Novice Attorney Can Represent Capital Murder Defendant: Texas Judge

By Mark Wilson, Esq. on October 02, 2014 | Last updated on March 21, 2019

Just over a year after receiving his law license, Texas criminal defense attorney Maverick Ray -- his real name -- is representing a client in a capital murder case. One year out of school, what were you doing? Yeah, that's what I thought.

Ray, a 2012 graduate of South Texas College of Law in Houston, is the lead attorney for Howard Wayne Lewis, who was indicted by a grand jury for the 2013 murder of his infant son.

Can't Someone Else Do It?

District Attorney David Weeks was not pleased, and asked Judge Don Kraemer to have Ray removed as lead attorney.

When Ray was hired for this case six months ago, he had yet to try a criminal case. Weeks was concerned about the ethics issued involved in allowing a novice attorney to represent a capital murder defendant -- but no doubt he was also concerned about an inevitable appeal based on ineffective assistance of counsel.

Ray was hired by Lewis' fiancée, who told CNHI News Service that she wanted someone "fresh and not part of the old boy network." The article then proceeds to bury the lede by mentioning, nonchalantly, "She also said at the time she was under the assumption he was qualified to handle a death penalty case" (emphasis added). Whoops?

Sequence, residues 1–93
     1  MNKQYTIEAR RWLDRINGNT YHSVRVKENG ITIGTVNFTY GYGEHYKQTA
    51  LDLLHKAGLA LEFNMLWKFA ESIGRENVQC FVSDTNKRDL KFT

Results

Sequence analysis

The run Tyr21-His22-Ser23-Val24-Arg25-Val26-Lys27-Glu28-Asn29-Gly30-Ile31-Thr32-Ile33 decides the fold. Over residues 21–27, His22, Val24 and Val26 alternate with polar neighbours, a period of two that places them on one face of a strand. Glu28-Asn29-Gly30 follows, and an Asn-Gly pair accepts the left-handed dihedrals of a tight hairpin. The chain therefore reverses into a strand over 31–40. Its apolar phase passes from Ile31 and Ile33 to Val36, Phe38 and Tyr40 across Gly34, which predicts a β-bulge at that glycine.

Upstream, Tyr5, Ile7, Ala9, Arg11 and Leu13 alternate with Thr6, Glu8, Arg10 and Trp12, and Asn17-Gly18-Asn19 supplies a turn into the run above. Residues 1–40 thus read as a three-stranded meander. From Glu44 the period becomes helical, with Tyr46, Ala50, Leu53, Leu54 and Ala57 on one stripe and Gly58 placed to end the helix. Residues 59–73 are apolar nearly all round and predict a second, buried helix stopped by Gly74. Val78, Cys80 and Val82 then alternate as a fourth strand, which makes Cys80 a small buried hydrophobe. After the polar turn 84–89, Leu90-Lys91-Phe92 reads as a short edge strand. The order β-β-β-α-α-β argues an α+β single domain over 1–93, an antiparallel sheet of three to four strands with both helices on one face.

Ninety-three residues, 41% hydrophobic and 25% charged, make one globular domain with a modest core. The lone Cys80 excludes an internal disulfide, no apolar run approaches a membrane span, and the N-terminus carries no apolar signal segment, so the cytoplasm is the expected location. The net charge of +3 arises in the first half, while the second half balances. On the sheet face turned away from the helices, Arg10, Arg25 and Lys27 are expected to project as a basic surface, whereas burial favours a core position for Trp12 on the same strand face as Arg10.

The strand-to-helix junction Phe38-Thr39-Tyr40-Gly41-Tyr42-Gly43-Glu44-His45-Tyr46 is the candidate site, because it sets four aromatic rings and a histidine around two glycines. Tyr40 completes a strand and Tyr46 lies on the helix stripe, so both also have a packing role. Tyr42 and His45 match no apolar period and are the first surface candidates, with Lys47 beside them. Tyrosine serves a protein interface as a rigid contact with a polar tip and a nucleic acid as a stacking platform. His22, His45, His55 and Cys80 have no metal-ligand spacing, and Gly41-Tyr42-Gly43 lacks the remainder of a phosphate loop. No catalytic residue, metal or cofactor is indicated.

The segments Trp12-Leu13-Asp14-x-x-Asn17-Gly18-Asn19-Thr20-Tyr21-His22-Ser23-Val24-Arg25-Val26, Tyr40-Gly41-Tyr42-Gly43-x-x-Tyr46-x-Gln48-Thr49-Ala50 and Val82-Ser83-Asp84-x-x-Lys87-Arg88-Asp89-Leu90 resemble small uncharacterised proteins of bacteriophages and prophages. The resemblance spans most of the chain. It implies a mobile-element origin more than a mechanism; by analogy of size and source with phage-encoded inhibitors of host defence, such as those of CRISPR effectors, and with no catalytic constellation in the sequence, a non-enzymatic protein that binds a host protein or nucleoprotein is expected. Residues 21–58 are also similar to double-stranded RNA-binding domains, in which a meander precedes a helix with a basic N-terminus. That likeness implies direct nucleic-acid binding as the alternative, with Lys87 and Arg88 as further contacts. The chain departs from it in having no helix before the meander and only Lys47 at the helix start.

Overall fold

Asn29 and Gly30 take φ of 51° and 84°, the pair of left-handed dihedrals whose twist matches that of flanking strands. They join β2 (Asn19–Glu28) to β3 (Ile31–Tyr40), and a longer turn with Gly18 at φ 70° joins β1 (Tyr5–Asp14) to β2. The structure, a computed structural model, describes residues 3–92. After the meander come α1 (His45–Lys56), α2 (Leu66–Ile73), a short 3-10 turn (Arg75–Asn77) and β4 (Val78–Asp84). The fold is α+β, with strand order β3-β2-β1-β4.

Nevertheless, Judge Kraemer ruled that Lewis had a Sixth Amendment right to hire a lawyer of his choice.

This Is No Laughing Matter

Ray has his critics within the criminal justice community. Political consultant and former journalist Scott Henson had this to say: "I cannot fathom the hubris required for such an inexperienced attorney to take on DA David Weeks, in Huntsville, in a capital murder case. Mr. Ray is gonna get creamed (as he did at a recent bail reduction hearing), and his client will be lucky if he doesn't wind up with a needle in his arm."

Also troubling is how Ray represents himself. He has his own website, in which he touts his ability to provide representation in many practice areas unrelated to criminal defense, including Longeshoreman Act claims, toxic torts, asbestos, and class actions. You know, the usual.

Also pictured on Ray's website is an unidentified, smiling older gentleman. That gentleman turns out to be fellow Houston attorney Gilbert Villarreal -- and it's no coincidence they're in a photo together. Over at Villarreal's website, Maverick Ray is listed as a member of the Gilbert Villarreal legal team, and notably, both Ray's and Villarreal's firms share the same mailing address. Perhaps one could be forgiven, going to Ray's website, for thinking he's got his own firm. But that doesn't seem to be the case. Or maybe it is? The fact that this is a question means there's a problem.

Thankfully for Lewis, who is facing, you know, the death penalty, Ray told the court that "he would consult the case with his mentor, long-time Houston defense attorney Gilbert [Villarreal]," CNHI News Service reports. Let's hope so.

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